Fresh troubles in the subprime segment of the US housing market have reignited fears of contagion that could affect the broad financial sector and possibly the broader US economy, analysts say.
Those fears were fanned this week as rating agencies Standard & Poor's (S&P) and Moody's both warned of potential credit downgrades for bonds backed by subprime mortgages, which could affect investors and banks that issued the obligations.
"New data reveals that delinquencies and foreclosures continue to accumulate at an increasing rate," S&P said. "We see poor performance of loans, early payment defaults and increasing levels of delinquencies and losses."
The news triggered a slide in the US dollar and Wall Street shares on Tuesday as investors reassessed their exposure to risky assets like mortgage-backed securities.
Subprime loans that flourished during the last part of the housing boom provided mortgages to people with poor credit histories, often allowing them to buy homes beyond their means through low "teaser" rates.
Many of the loans with adjustable rates or interest-only payments for the first year or two are being recalculated higher, making payments harder.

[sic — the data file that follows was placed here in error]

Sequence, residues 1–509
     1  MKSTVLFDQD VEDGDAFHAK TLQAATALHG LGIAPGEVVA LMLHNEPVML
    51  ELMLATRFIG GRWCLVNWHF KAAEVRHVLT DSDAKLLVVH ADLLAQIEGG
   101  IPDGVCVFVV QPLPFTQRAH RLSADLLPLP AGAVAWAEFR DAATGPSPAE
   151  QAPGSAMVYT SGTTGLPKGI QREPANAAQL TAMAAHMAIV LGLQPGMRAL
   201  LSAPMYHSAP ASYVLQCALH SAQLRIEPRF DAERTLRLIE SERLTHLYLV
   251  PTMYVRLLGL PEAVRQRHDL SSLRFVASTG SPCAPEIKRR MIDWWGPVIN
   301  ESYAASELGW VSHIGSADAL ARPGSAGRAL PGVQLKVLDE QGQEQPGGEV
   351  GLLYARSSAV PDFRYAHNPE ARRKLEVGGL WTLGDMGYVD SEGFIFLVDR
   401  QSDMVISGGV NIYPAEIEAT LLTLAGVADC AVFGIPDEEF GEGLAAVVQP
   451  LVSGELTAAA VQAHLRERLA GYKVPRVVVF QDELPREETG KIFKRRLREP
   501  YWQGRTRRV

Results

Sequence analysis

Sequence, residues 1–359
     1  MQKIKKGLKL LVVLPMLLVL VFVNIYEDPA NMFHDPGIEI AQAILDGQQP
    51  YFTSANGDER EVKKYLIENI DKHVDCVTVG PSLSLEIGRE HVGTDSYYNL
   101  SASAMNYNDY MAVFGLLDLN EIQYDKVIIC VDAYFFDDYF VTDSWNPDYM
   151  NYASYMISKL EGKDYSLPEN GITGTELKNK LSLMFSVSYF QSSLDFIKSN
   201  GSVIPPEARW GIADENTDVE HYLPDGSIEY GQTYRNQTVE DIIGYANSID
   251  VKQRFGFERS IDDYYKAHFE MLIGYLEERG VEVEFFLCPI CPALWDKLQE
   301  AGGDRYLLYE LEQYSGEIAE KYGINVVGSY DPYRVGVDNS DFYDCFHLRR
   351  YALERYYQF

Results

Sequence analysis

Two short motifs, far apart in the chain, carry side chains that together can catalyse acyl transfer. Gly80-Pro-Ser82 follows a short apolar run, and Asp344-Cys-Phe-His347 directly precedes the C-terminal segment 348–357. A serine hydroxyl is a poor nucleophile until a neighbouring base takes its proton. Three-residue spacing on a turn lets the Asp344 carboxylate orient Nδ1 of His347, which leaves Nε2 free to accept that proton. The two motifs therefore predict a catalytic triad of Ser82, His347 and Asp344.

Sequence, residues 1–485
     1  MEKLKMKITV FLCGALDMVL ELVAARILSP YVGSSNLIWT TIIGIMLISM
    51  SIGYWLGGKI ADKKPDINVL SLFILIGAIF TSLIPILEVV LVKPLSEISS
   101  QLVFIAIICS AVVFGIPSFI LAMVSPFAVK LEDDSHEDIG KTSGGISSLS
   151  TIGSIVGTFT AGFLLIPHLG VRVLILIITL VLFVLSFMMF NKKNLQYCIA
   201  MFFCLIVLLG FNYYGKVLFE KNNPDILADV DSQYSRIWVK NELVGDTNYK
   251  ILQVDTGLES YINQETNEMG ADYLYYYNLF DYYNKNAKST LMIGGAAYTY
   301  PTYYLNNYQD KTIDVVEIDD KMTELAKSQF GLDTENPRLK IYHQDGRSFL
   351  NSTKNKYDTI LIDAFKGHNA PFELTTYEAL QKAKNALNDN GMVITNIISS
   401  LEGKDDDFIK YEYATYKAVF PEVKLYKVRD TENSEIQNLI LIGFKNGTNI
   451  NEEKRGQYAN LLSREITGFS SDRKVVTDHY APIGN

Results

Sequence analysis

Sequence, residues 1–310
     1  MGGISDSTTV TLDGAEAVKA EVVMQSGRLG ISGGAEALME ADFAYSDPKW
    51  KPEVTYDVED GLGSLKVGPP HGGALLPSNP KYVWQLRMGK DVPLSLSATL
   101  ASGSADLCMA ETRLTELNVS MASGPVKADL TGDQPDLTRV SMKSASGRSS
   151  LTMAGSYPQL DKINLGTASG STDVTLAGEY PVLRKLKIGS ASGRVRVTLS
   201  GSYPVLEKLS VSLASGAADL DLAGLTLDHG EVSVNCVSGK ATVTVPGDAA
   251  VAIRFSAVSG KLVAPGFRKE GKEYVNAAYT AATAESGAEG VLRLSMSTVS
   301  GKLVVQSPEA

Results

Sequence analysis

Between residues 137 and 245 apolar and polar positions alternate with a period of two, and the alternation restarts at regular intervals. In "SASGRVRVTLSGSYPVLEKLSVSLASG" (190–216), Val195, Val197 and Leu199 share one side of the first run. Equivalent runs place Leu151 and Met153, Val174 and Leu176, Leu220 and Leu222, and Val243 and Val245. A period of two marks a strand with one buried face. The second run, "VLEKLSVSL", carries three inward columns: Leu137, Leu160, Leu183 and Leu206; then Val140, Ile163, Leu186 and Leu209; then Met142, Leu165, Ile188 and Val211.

Industry figures showed the delinquency rate for all mortgages at 4.84 percent in the first quarter but 13.77 percent for subprime loans. Foreclosures were taking place at 0.58 percent of properties, but 5.1 percent for subprime.
David Kotok, chairman at Cumberland Advisors, said the billions of US dollars in problem loans could have a major economic impact.
He said the slump in housing is already affecting some firms like Home Depot, the big home-improvement retailer.
Kotok also said some hedge funds that invested during the property boom were now in trouble too.
"Housing finance is huge. Hundreds of billions of debt instruments are involved in this deterioration," Kotok said. "We have seen hedge funds stop funding withdrawals and we have seen hedge fund sponsors attempt to stem the tide with capital infusions (Bear Stearns). There is much more bleeding to come."
Some fear that the subprime crisis will prompt lenders to tighten standards and curtail mortgages. Fewer buyers will mean the glut of homes will increase and prices may continue to fall.
Moreover, a weak housing market may have what economists call a "negative wealth effect," prompting consumers to curb spending as they see home values decline.
Auto sales last month were far weaker than expected.
But Philadelphia Federal Reserve president Charles Plosser said in a speech on Wednesday that he sees limited "spillover" from the housing mess.
"While there remains the risk that such spillovers may develop, I have doubts they will be very large," Plosser said.